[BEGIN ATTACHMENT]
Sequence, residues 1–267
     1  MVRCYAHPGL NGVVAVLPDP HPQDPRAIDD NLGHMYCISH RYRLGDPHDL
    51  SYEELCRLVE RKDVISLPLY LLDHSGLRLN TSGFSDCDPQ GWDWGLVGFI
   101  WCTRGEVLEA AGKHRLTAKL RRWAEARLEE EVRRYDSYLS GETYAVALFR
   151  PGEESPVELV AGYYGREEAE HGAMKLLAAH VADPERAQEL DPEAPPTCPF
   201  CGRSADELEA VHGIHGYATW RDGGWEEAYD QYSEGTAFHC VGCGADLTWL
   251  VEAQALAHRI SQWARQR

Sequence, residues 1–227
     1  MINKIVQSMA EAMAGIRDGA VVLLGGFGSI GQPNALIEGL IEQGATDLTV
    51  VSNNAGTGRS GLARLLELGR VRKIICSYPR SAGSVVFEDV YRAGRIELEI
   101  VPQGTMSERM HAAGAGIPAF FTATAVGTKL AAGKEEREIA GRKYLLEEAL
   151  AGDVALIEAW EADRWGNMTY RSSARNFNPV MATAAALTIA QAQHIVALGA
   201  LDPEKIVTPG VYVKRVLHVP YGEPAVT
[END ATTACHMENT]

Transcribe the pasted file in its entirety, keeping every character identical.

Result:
Sequence, residues 1–267
     1  MVRCYAHPGL NGVVAVLPDP HPQDPRAIDD NLGHMYCISH RYRLGDPHDL
    51  SYEELCRLVE RKDVISLPLY LLDHSGLRLN TSGFSDCDPQ GWDWGLVGFI
   101  WCTRGEVLEA AGKHRLTAKL RRWAEARLEE EVRRYDSYLS GETYAVALFR
   151  PGEESPVELV AGYYGREEAE HGAMKLLAAH VADPERAQEL DPEAPPTCPF
   201  CGRSADELEA VHGIHGYATW RDGGWEEAYD QYSEGTAFHC VGCGADLTWL
   251  VEAQALAHRI SQWARQR

Sequence, residues 1–227
     1  MINKIVQSMA EAMAGIRDGA VVLLGGFGSI GQPNALIEGL IEQGATDLTV
    51  VSNNAGTGRS GLARLLELGR VRKIICSYPR SAGSVVFEDV YRAGRIELEI
   101  VPQGTMSERM HAAGAGIPAF FTATAVGTKL AAGKEEREIA GRKYLLEEAL
   151  AGDVALIEAW EADRWGNMTY RSSARNFNPV MATAAALTIA QAQHIVALGA
   201  LDPEKIVTPG VYVKRVLHVP YGEPAVT